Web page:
Thu Apr 12, 2012, 12:51 PM
alp227 (28,915 posts)
China's internet users temporarily blocked from foreign websites
Source: The Guardian
China's internet users have been cut off from accessing all foreign websites for around an hour in an unexplained incident that sparked speculation the country's censorship system was being tested or further tightened.
The "great firewall" already blocks many sites hosted from other countries, but users in Beijing, Shanghai and other parts of China reported that they could not reach any foreign sites whatsoever on Thursday morning – although it was not clear whether the problems were universal.
Meanwhile, users abroad and in Hong Kong – which is part of China but not subject to Beijing's net censorship – said they were unable to reach any sites on the Chinese mainland.
Some believed it was purely a technical failure, with several suggesting that Wednesday's massive earthquakes had hit an undersea cable, disrupting services. In 2007, a tremor hit a major cable and dramatically slowed access to overseas sites for months.
Read more: http://www.guardian.co.uk/world/2012/apr/12/china-internet-users-foreign-websites
4 replies, 1816 views
Always highlight: 10 newest replies | Replies posted after I mark a forum
Replies to this discussion thread
China's internet users temporarily blocked from foreign websites (Original post)
Response to alp227 (Original post)
Thu Apr 12, 2012, 03:08 PM
JDPriestly (48,735 posts)
2. I heard a rumor that there is some sort of upset or problem in the high
echelons of the Chinese government. I don't know much beyond that.
Beijing: China has removed 2.10 lakh online posts and shut down 42 websites as part of a massive crackdown on the country's 300 million-strong microbloggers following coup rumours as a major political scandal rocked the nation.
An announcement to this effect in state-run media on Thursday comes close on the heels of the nation's biggest political crisis after a top leader was sacked from the Communist Party and his wife detained on suspicion of murder.
"Actions of creating and spreading rumours via the Internet disrupt public order and undermine social stability, and will never be tolerated," Liu Zhengrong, a senior official with the State Internet Information Office (SIIO), said.
I suppose the reports are linked, but I don't know more than what I am reading. IBN apparently has something to do with CNN, but I don't know what. I don't know how reliable IBN is.
Response to alp227 (Original post)
Thu Apr 12, 2012, 03:59 PM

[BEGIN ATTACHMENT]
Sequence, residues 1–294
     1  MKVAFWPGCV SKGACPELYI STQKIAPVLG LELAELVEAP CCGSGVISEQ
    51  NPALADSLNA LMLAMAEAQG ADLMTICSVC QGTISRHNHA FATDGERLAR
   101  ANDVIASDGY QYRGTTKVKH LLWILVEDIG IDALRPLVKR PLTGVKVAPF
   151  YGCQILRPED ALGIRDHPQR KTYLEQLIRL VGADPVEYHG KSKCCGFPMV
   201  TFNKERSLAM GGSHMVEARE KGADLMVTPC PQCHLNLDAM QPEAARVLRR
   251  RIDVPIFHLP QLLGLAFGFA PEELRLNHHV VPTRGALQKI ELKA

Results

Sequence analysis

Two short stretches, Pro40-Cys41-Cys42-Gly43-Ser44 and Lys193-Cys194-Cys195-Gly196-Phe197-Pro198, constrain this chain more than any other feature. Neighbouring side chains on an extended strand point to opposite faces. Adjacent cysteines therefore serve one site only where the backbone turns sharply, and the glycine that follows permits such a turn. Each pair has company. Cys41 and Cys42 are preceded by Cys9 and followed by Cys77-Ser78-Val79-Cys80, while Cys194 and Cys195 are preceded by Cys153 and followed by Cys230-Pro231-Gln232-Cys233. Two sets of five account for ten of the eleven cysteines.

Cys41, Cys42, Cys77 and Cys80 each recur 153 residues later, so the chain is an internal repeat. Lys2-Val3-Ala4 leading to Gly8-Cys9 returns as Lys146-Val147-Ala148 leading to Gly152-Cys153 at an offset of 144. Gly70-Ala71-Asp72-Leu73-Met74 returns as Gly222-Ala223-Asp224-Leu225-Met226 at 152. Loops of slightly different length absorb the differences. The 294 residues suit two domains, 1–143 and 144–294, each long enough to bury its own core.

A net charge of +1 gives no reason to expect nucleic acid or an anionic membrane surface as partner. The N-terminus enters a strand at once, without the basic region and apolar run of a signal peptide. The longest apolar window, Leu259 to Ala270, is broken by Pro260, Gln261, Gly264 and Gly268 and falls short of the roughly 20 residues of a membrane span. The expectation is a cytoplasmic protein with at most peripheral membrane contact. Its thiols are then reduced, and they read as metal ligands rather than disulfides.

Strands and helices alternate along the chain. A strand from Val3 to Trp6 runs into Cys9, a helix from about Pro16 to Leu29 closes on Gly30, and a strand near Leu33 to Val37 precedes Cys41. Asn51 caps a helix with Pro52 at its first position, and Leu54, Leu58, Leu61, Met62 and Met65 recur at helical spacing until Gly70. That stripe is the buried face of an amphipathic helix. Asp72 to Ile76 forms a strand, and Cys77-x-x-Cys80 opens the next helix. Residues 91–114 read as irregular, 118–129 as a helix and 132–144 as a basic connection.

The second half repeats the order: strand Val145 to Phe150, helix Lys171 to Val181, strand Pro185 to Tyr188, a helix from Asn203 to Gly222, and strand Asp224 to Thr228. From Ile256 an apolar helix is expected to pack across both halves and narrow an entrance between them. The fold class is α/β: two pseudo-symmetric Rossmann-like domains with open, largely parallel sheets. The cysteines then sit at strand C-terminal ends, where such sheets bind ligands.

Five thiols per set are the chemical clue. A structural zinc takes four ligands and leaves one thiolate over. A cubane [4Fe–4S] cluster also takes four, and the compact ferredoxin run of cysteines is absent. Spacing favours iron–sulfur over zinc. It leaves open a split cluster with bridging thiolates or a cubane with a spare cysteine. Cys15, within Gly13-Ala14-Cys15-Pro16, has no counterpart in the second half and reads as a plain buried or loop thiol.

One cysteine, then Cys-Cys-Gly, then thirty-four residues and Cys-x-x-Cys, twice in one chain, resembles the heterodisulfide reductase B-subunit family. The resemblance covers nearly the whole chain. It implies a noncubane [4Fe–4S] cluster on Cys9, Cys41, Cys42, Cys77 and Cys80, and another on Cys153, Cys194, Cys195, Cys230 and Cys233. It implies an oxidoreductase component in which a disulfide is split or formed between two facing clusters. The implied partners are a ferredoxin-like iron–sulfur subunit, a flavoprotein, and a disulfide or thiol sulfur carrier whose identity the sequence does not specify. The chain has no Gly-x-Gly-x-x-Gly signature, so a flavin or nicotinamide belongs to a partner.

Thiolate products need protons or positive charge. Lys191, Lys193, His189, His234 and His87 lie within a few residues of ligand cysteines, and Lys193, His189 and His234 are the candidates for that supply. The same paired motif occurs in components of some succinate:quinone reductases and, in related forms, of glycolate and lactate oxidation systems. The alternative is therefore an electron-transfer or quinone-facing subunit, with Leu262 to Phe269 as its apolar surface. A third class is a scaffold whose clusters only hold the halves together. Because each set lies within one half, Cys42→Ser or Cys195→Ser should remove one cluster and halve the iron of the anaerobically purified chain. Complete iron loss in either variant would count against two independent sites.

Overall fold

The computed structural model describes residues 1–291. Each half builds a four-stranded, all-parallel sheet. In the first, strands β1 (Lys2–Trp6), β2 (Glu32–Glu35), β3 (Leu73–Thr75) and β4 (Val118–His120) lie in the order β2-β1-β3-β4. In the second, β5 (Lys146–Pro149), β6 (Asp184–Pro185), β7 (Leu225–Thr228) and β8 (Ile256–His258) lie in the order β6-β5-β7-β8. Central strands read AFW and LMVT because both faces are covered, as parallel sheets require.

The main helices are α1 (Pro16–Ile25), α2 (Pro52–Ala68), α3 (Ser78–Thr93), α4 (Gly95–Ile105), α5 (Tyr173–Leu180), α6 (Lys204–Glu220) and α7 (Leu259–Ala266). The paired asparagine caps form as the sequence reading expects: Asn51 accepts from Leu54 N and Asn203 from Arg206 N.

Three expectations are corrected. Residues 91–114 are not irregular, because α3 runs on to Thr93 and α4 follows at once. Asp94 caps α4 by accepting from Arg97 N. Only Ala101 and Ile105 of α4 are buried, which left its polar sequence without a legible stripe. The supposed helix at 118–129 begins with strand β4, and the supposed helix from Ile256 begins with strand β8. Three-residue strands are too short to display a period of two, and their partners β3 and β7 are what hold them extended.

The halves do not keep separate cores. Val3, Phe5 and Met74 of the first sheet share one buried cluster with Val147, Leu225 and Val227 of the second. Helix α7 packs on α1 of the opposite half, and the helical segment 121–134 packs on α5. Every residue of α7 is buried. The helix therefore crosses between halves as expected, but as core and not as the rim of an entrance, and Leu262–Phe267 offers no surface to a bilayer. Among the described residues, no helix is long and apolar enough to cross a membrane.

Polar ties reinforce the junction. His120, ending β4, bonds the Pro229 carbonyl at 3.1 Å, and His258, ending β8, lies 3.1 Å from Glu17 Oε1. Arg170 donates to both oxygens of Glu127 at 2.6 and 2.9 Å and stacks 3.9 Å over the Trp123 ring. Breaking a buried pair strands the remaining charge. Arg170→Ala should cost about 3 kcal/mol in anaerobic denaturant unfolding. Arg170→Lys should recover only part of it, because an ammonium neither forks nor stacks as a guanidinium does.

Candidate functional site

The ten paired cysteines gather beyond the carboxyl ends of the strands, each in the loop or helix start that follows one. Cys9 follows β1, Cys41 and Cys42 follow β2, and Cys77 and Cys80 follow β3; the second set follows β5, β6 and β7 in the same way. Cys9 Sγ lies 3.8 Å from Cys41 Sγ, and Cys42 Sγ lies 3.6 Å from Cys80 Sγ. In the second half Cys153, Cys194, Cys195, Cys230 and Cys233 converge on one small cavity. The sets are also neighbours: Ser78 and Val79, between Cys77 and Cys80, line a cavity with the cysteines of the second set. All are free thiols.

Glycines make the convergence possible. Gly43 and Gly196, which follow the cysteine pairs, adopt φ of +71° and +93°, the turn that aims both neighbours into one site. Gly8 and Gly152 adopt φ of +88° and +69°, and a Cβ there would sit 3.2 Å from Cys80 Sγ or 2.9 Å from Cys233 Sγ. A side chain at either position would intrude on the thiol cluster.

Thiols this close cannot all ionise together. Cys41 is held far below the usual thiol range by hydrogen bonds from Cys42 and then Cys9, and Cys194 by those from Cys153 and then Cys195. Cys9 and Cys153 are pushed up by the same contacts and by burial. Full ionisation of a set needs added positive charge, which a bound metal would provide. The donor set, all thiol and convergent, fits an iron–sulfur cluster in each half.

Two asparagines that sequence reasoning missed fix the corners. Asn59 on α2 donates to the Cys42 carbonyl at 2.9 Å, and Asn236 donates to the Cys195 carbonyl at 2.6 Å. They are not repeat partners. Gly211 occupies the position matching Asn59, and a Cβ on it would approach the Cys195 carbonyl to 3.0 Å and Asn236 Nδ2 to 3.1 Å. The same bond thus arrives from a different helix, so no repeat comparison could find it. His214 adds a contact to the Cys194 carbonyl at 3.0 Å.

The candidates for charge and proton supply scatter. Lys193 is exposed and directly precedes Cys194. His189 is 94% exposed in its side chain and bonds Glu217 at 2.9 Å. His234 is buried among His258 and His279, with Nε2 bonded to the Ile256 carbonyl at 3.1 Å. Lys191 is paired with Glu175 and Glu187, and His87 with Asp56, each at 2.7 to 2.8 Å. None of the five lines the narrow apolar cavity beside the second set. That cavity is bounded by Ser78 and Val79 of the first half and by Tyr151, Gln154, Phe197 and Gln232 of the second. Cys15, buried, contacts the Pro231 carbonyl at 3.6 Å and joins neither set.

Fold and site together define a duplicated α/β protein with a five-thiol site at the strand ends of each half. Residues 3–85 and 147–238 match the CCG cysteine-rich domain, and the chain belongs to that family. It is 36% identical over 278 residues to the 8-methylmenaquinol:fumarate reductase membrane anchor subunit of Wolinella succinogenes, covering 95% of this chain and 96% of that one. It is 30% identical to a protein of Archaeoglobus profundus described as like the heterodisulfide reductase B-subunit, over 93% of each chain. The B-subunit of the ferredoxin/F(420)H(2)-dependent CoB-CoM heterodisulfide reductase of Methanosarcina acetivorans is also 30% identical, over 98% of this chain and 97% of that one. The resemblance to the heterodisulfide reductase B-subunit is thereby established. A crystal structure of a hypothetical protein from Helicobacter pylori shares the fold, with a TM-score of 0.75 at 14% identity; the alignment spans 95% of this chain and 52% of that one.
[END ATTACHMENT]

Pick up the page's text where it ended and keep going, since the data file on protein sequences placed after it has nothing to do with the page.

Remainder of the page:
rayofreason (2,259 posts)
3. This biggest story of the year...
...will be the huge unrest that will engulf China.
Real estate bubble in the U.S.? Take a look at entire empty cities in China.
Collapsing condo prices in Shangahi, Beijing,...
And political infighting, where losing doesn't just mean that you don't take office - it means you go to jail or worse, along with your family.
Not that they are not guilty. Given the corruption that is inevitable in an authoritarian one-party state it is likely that all of the ruling class has done some shady things. Murder is not out of the question. Corruption is a given.
Add to these problems the shaky finances of banks beholden to the elites with huge bad loans on the books (many probably sponsored as "favors" to party bosses who get rich - think "Friends on Angelo" on steroids), enormous ecological problems since pollution is the easiest thing to ignore when you have one party-rule and control of the press, and the day to day widespread corruption. All this means that there is a powderkeg ready to go, as it often has in Chinese history.
The Bo Xilai affair must be viewed in that context. China has not solved the problem of succession and the new generation is coming to the fore with ambitions, sharp knives, and scores to settle. This shutting down of the internet must have been done because of a great fear among at least a large group of the ruling class that China is at a critical stage and that things could quickly spiral out of control. To avoid that the government must try to regain control of information. They will fail.
Things could evolve in rapid and unexpected ways in the near future. And I would be surprised if there was not major unrest in China this year (meaning we hear about it, as opposed to all the current smaller-scale unrest that does not register in the West). And I would expect it to continue until a new equilibrium (which itself may be only marginally stable) is reached.
There is a lot of free energy in the system, and the system is rigid. Bad combination.